Classic Yacht Delivery – Inverness, Scotland to Ijmuiden, Netherlands

Thumbs Up Classic Yacht Delivery of Georgiana K – 40′ Atkin Errin Cutter

After a challenging, but well handled delivery, Glen, his crew and Georgiana are all safely home. The North Sea can be a hostile place in winter but this didn’t put them off. They dealt with everything with a certain pluck and tenacity that her owner really appreciated.

Below is a short account of the passage:

“Micky and I met up in Kirkcudbright and got a lift to Dumfries where we got the train for Edinburgh. In Edinburgh we were joined by Chris and changed trains for Inverness. Keith had travelled up from Bristol the evening before and met us at Inverness station along with Martin, the owner of Georgiana K.

Martin took us to the marina and introduced us to Georgiana K, a 40’ Atkin designed wooden cutter, double-ended and tiller steered. She was an eye-catchingly beautiful boat but was in need of some maintenance, which we did our best to provide.

Picking up the hired liferaft, which had been delivered to the marina office, we got aboard and started to get settled in.

With Martin’s help we spent what remained of the Saturday going over the boat thoroughly to find out where everything was and to list what we would need to do and to buy for the delivery voyage. That evening Martin’s parents invited us to their home for a very pleasant dinner.

On the Sunday we made an early start on the jobs and Martin very kindly drove us around to do the victual and spares shopping before he had to leave to catch a flight to Amsterdam. By early evening we were ready to sail and decided on an early night and an early start on the Monday morning.

It blew pretty hard through the night but the forecast was for the wind to settle into the south then west and to calm down.

The passage through the Inverness and Beauly Firths was uneventful and gave us a chance to get the feel of Georgiana in calm water.

The wind was fairly easy as we ran along the Morayshire coast then began to freshen from the SSE as we passed Fraserburgh and started to head south. Coming over the land it gave us a bit of a lee for a while until the coast started to tend southeastwards. Then the sea started to get pretty lumpy. By the time we were off Peterhead we were bashing into fairly substantial waves so we looked into the marina in Peterhead for a few hours till it began to settle a little.

The sea state improved steadily as we headed towards Fife intending to keep close to the shore for the lee but the wind started to head us so we bore away onto a course directly for Eyemouth.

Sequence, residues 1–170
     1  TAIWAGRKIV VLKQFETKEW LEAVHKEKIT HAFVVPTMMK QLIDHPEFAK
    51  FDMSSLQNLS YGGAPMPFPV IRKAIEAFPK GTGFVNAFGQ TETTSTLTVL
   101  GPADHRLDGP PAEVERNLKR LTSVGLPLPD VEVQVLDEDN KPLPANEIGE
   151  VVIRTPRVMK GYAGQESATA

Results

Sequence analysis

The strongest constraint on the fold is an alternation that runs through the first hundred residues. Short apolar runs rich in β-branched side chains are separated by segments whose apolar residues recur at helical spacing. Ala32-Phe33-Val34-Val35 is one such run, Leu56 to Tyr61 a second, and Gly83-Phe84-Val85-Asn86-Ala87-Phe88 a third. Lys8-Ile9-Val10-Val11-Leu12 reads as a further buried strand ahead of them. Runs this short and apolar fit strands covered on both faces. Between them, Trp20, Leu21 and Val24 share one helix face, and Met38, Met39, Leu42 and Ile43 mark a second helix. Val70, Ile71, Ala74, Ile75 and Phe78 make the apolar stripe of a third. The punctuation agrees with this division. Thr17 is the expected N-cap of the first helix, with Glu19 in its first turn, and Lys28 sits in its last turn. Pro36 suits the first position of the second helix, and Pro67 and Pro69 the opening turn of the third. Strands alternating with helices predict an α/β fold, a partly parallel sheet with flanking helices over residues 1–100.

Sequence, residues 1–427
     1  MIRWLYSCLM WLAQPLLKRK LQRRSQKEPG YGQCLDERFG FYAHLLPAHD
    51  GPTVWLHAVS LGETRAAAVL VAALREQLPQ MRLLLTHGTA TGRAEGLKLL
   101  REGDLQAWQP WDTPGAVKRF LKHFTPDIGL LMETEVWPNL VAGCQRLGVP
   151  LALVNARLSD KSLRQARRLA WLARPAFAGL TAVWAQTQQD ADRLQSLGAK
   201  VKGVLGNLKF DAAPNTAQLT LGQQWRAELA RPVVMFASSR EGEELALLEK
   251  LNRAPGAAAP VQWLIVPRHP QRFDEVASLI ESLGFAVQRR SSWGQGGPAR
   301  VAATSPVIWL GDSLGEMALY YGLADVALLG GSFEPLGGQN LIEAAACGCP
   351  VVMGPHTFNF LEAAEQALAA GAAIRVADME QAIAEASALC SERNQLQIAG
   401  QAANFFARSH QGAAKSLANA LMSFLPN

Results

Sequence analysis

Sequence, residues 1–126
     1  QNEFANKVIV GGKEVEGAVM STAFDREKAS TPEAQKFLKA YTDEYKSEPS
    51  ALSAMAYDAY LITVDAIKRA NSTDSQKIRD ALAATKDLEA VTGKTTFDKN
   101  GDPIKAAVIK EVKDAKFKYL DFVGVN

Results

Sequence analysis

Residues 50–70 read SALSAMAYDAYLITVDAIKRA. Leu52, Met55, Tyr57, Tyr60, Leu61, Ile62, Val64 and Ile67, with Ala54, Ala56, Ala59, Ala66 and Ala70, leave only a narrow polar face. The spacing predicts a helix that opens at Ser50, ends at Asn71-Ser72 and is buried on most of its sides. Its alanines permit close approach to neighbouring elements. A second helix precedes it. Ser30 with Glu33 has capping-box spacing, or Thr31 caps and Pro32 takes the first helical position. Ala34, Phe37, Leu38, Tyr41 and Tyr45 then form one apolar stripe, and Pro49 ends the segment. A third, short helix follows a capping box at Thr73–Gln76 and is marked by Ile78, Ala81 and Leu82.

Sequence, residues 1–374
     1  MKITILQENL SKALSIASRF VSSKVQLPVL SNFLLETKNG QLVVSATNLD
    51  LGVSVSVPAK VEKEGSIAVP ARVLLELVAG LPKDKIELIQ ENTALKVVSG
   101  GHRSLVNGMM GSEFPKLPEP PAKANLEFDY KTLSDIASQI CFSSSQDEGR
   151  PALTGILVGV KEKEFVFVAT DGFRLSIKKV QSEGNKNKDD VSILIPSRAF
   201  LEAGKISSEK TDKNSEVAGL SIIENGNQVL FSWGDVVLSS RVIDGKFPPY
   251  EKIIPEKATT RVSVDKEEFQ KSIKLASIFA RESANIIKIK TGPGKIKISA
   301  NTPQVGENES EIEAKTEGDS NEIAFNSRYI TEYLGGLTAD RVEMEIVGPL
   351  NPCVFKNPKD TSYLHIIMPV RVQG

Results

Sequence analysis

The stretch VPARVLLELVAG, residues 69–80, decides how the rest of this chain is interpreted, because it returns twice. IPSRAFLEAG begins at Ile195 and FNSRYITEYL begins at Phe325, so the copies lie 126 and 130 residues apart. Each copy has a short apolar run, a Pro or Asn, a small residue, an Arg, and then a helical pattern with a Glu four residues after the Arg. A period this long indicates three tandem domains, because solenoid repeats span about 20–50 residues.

As we approached Eyemouth the engine started to hunt around and stagger a bit then it cut out completely. Checking it over and trying various solutions it became clear that the primary filter was blocked, probably with sludge from the fuel tanks – and we didn’t have a spare.

Micky, who has a lot of experience working with diesels, niftily bypassed the filter with a biro and got the engine going again, which was just as well as our attempts to beat in towards Eyemouth against a short, steep sea weren’t having a lot of success.

In Eyemouth we topped up the fuel tanks and tried to get spare cartridges for the primary fuel filter that had caused us the trouble as well as a number of other bits and pieces we needed to do small running repairs. We were able to get cartridges for the secondary fuel filter but not for the primary, which was quite an unusual model, so we bought a couple of lengths of copper fuel pipe and made the temporary repair sufficiently secure to allow us to complete the delivery.

Waiting for the spares meant staying overnight so we had a meal ashore and got an early night.

The following morning the wind was still fairly brisk but was backing more into the west with the forecast that it would go north of west as the day went on. We made a fairly splashy exit from Eyemouth and set course for the Farne Islands.

We made a fast passage to the Farnes with a stiff WNW breeze which got so brisk that we reduced sail to just the staysail off the Longstone Light and ran on down the coast to Scarborough.

We had to wait for a while off the entrance to Scarborough harbour for enough water to get in but it was a good opportunity to top off the fuel tanks again (mainly to reduce the amount of sloshing about the diesel was doing to try to limit the amount of silt that was being lifted off the bottom of the tanks). We also were able to repair the Lavac loo which had not been working properly and to pick up some odd bits of provisions. We were only in Scarborough for a couple of hours but we left feeling that we were in good shape for crossing the North Sea from Flamborough Head to IJMuiden.

The crossing was uneventful with a decreasing wind and an easing sea. We motorsailed the whole way to keep the speed up and made very good time, arriving in the marina at IJMuiden around 2100 on the night of Saturday 16 November. The passage had taken five and a half days overall which, with our stopovers, meant that we’d been around four days at sea.

Martin came over from Amsterdam with some beers and we celebrated our safe arrival before turning in for a good sleep. Martin came over again the following morning and we motored Georgiana up the canal to the mooring in Amsterdam where she was going to stay for the winter to get work done on her.

Martin treated us all to a very nice lunch and then drove us back to IJMuiden where the three Scotland-bound crew made it neatly onto the early evening ferry to Newcastle and home. Keith got a flight back to Bristol a little while later.”

 

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